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Andy, Just finished up swapping axles between two AS. I had traded out my new axles w/ electric brakes onto my Ambassador with hydraulic discs. (New axles, old drums, calipers)

Today I took the Ambassdor out for a short test run. It took ever thing my old 7.3 powerstroke could muster to maintain 55 mph. It felt like I was towing a tank. When I stopped, two of the wheels were hot to the touch and I could smell that the brake pads were engaged.
So, I am going to have to break down the wheels again to try to find the problem. My interest here is with your comment about the cracked pad? Because, I noticed that two pads on different assemblies were cracked. I did not change the pads out because they looked to have plenty of life left in them. Would the cracked pads cause the dragging and heat?
Also one other comment, the manual override on the Kelsey controller seems to work the brake fine, but I am not sure the brake pedal is really doing the job as well as it should?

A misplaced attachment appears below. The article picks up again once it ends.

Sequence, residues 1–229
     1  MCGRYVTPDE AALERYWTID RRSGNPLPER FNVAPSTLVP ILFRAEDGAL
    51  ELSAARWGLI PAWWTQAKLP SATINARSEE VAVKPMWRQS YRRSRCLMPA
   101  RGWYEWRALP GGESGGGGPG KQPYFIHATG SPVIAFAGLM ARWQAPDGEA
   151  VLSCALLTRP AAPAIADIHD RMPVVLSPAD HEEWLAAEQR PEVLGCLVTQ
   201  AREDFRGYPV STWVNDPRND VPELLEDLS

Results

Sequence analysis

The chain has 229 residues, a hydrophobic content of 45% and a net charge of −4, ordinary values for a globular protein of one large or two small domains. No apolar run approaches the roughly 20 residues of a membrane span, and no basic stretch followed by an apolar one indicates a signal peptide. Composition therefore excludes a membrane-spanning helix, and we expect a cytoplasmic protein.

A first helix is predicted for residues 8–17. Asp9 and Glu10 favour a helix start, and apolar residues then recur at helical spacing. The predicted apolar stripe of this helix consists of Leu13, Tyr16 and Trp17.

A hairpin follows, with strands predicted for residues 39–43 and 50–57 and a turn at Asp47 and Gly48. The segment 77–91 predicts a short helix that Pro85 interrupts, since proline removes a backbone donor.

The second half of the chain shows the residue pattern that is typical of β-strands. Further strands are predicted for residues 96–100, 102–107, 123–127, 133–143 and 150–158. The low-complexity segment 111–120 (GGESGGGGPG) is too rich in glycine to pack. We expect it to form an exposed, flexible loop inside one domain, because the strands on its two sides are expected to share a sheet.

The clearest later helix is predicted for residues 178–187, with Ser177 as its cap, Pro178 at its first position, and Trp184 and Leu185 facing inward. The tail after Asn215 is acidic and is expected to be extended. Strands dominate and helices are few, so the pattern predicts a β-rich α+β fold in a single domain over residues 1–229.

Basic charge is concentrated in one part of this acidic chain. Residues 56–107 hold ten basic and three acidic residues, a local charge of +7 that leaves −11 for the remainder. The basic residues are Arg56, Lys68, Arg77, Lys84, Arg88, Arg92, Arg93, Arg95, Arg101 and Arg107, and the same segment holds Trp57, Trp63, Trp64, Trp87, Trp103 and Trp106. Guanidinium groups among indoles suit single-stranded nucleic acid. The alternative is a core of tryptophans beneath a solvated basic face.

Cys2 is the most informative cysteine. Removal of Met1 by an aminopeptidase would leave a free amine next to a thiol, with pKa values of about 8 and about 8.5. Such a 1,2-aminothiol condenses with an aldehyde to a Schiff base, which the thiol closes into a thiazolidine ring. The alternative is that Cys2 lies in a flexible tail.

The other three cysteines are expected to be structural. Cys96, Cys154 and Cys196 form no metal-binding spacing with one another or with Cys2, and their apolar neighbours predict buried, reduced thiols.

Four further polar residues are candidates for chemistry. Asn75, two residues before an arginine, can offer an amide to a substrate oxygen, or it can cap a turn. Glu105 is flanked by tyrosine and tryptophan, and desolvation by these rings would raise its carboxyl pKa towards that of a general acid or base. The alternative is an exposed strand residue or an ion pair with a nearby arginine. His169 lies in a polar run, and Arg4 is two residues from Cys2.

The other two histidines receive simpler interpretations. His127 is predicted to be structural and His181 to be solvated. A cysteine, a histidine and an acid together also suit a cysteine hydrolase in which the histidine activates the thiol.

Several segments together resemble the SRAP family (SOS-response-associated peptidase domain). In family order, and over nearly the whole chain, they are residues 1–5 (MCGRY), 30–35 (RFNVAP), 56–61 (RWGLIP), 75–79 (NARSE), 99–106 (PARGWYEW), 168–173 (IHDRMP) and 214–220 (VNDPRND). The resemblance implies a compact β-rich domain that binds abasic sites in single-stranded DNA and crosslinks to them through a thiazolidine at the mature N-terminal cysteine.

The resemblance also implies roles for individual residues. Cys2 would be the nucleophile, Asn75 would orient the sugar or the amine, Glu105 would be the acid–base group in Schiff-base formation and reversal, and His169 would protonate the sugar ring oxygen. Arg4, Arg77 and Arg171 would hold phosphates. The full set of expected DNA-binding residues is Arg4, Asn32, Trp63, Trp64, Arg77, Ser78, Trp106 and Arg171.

Thanks for any suggestions.
No, the cracked pads would not be the issue regarding the heat.

Andy
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Old 03-31-2013, 10:46 AM   #11
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Originally Posted by litlgeezer View Post
Andy, Just finished up swapping axles between two AS. I had traded out my new axles w/ electric brakes onto my Ambassador with hydraulic discs. (New axles, old drums, calipers)

Today I took the Ambassdor out for a short test run. It took ever thing my old 7.3 powerstroke could muster to maintain 55 mph. It felt like I was towing a tank. When I stopped, two of the wheels were hot to the touch and I could smell that the brake pads were engaged.
So, I am going to have to break down the wheels again to try to find the problem. My interest here is with your comment about the cracked pad? Because, I noticed that two pads on different assemblies were cracked. I did not change the pads out because they looked to have plenty of life left in them. Would the cracked pads cause the dragging and heat?
Also one other comment, the manual override on the Kelsey controller seems to work the brake fine, but I am not sure the brake pedal is really doing the job as well as it should?